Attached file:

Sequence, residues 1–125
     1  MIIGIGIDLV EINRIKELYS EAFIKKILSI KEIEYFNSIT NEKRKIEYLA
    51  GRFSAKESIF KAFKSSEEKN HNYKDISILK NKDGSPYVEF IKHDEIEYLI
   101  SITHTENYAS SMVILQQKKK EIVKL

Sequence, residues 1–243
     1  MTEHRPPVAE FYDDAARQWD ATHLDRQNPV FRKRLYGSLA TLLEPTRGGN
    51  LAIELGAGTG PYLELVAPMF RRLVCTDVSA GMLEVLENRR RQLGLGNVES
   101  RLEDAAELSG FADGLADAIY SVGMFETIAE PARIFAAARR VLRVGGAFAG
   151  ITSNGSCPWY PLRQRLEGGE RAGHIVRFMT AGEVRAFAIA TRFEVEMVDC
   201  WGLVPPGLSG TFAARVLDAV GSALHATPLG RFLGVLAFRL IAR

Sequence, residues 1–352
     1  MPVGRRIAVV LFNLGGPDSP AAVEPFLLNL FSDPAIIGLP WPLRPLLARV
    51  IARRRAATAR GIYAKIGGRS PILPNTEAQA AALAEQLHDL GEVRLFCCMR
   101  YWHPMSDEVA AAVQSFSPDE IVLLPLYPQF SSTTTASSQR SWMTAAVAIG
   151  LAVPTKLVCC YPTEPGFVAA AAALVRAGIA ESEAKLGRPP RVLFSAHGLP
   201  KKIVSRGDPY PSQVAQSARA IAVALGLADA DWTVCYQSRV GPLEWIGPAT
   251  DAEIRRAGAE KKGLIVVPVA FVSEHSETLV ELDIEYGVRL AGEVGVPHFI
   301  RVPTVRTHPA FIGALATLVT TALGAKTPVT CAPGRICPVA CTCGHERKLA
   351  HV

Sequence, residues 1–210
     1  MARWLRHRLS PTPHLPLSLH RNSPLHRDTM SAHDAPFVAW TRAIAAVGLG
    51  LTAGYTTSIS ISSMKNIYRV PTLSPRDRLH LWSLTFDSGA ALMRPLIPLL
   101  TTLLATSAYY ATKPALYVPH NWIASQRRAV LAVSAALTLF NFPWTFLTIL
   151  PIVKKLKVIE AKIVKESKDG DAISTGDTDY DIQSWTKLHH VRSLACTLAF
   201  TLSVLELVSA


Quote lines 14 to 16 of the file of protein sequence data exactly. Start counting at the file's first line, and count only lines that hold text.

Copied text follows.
   101  YWHPMSDEVA AAVQSFSPDE IVLLPLYPQF SSTTTASSQR SWMTAAVAIG
   151  LAVPTKLVCC YPTEPGFVAA AAALVRAGIA ESEAKLGRPP RVLFSAHGLP
   201  KKIVSRGDPY PSQVAQSARA IAVALGLADA DWTVCYQSRV GPLEWIGPAT